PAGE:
Chaucer’s Reworking of the Ovidian Locus Amoenus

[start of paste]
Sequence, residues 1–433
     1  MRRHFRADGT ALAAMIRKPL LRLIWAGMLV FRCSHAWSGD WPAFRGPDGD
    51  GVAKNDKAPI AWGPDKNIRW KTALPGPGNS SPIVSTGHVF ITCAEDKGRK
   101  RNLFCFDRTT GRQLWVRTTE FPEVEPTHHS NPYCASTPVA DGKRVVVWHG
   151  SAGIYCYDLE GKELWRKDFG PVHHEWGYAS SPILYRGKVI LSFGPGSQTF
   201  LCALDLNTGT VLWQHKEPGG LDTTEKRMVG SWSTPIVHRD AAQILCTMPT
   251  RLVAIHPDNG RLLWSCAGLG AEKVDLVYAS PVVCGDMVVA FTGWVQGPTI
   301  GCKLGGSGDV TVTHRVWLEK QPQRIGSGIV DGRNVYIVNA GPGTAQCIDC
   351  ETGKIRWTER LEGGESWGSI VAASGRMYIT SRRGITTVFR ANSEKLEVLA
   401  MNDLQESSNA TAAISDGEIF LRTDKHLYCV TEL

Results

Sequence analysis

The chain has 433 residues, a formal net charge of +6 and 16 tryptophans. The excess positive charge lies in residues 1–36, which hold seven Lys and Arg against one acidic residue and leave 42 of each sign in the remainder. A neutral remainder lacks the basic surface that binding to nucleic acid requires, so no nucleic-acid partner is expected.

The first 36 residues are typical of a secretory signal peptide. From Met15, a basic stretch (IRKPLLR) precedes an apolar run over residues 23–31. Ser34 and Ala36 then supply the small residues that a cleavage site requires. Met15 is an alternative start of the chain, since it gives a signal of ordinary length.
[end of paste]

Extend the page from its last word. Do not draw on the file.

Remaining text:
The locus amoenus or pleasant place is a literary construct which can be traced back to the writings of Homer. It is an area of repose and relaxation in a natural setting consisting of shady trees, soft grass, cool water and occasionally flowers. Ovid appropriated the locus amoenus to his own ends, to disarm his audience before enacting a corruption that produced metamorphosis, either physically or psychologically. In this way, Ovid’slocus amoenus became a space to provoke consideration of emotional or moral dilemmas, frequently those related to an excess of desire.